Vintage cookbook kindles memories of women’s club
• Plus: Safety tips to prevent cooking fires •
By Katherine Napier — Special to Today Magazine
There are moments when something ordinary yet pleasantly surprising occurs and we find things we thought we’d lost: a misplaced $10 bill, a forgotten chapstick or maybe even a left-foot sock.
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And then there are times when we discover something a little more special. One of these special moments occurred in the home of a former Simsbury resident, who found an old cookbook from when she and her family lived in town from 1960-67.
The resident posted a photo of the cookbook on Facebook. On its cover is a picture of a rooster with the heading “Something to Crow About.” The undated cookbook was published by the Simsbury Junior Women’s Club (SJWC).
The SJWC was founded in 1957 and is an affiliate of the Connecticut Junior Women Inc., which was established in 1938.
A number of women commented on the Facebook post, saying their mothers were members of the SJWC.
One commenter asked: “Is this Club still in existence? I think my Mom may have been among the founding [members].”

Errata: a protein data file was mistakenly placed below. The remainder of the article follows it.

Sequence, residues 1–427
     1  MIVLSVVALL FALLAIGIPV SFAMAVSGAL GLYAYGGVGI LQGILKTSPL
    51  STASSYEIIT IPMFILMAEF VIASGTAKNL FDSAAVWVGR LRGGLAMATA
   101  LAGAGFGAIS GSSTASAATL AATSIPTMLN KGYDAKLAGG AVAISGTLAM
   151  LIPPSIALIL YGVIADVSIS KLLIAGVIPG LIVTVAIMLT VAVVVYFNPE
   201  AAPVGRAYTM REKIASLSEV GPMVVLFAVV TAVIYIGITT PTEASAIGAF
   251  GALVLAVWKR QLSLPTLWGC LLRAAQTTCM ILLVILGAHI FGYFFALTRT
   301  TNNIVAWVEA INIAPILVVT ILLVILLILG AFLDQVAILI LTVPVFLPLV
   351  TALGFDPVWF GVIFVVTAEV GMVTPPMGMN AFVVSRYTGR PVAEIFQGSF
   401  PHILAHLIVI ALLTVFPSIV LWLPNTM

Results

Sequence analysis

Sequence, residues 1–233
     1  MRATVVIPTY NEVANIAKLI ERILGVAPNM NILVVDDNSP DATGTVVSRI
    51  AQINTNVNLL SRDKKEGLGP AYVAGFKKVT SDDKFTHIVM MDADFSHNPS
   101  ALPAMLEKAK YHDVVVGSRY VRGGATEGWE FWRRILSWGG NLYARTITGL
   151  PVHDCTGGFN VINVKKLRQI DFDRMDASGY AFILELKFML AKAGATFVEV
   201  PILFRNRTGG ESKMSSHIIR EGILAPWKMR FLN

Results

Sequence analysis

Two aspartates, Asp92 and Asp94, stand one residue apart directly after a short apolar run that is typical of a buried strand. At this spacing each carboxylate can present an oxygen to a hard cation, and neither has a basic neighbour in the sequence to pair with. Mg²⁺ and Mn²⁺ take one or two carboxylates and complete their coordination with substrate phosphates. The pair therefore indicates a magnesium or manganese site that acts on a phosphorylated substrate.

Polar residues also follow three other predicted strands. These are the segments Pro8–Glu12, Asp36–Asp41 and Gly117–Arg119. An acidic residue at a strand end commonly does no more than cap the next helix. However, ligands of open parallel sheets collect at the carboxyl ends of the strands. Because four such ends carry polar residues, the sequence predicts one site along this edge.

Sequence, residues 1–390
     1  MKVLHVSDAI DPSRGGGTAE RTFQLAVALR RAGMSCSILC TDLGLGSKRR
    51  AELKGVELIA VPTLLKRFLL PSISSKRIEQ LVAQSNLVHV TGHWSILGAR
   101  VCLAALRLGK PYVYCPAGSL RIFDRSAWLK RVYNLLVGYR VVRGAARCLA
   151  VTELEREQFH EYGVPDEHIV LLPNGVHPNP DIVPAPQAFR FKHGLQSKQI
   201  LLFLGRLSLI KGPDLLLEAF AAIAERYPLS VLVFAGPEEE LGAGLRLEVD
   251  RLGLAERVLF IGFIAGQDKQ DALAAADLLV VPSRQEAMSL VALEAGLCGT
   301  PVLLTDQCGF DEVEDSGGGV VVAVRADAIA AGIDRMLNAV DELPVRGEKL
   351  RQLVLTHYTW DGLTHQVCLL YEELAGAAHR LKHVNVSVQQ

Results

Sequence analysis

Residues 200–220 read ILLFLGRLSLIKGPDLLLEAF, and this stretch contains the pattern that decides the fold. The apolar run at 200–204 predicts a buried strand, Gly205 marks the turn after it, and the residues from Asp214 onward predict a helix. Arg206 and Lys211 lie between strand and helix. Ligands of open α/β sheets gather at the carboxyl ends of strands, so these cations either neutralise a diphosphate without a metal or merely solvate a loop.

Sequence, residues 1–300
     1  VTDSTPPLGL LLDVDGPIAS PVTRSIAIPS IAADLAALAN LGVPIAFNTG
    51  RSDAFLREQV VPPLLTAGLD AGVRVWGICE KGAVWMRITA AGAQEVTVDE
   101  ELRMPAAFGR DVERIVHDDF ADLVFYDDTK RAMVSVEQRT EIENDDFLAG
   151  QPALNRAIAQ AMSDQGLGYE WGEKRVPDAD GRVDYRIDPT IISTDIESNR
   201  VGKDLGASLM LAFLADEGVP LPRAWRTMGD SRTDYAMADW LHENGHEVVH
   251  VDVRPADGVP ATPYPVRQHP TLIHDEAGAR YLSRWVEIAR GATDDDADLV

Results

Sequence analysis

A member of the SJWC replied “yes!” and linked the club’s website.
The commenter responded: “Lovely! Continuing to do good works for the community, I assume.”
The SJWC member replied: “yes absolutely we do lots of events in town — lots of information about what we do on our site.”
Another user said her mother was also a member, commenting that she “would love to see some of these recipes and the names of the contributors!”
Amber Abbuhl, co-president of the Simsbury Junior Woman’s Club, commented that the club “would love to make a copy of this cookbook for our archives.”
As eager as one may be to try out new recipes when discovering a new (or old) cookbook, it is easy to forget that cooking is the leading cause of home fires. It is always best to be alert and attentive when trying new dishes.
Here are some safety tips from the Simsbury Fire District to prevent cooking fires:
• Never leave cooking food unattended. Stay in the kitchen while you are frying, grilling or broiling. Turn off the stove if you have to leave, even for a short time.
• If you are simmering, baking, roasting or boiling food, check it regularly and use a timer to remind you that you’re cooking.
• Be alert when cooking. Avoid cooking if you are sleepy, have taken medicine or drugs, or have consumed alcohol that makes you drowsy.
• Always keep an oven mitt and pan lid nearby when you’re cooking. If a small grease fire starts, slide the lid over the pan to smother the flame. Turn off the burner, and leave the pan covered until it is completely cool.
• If you have a cooking fire and are in doubt, get out of the house and call the fire department.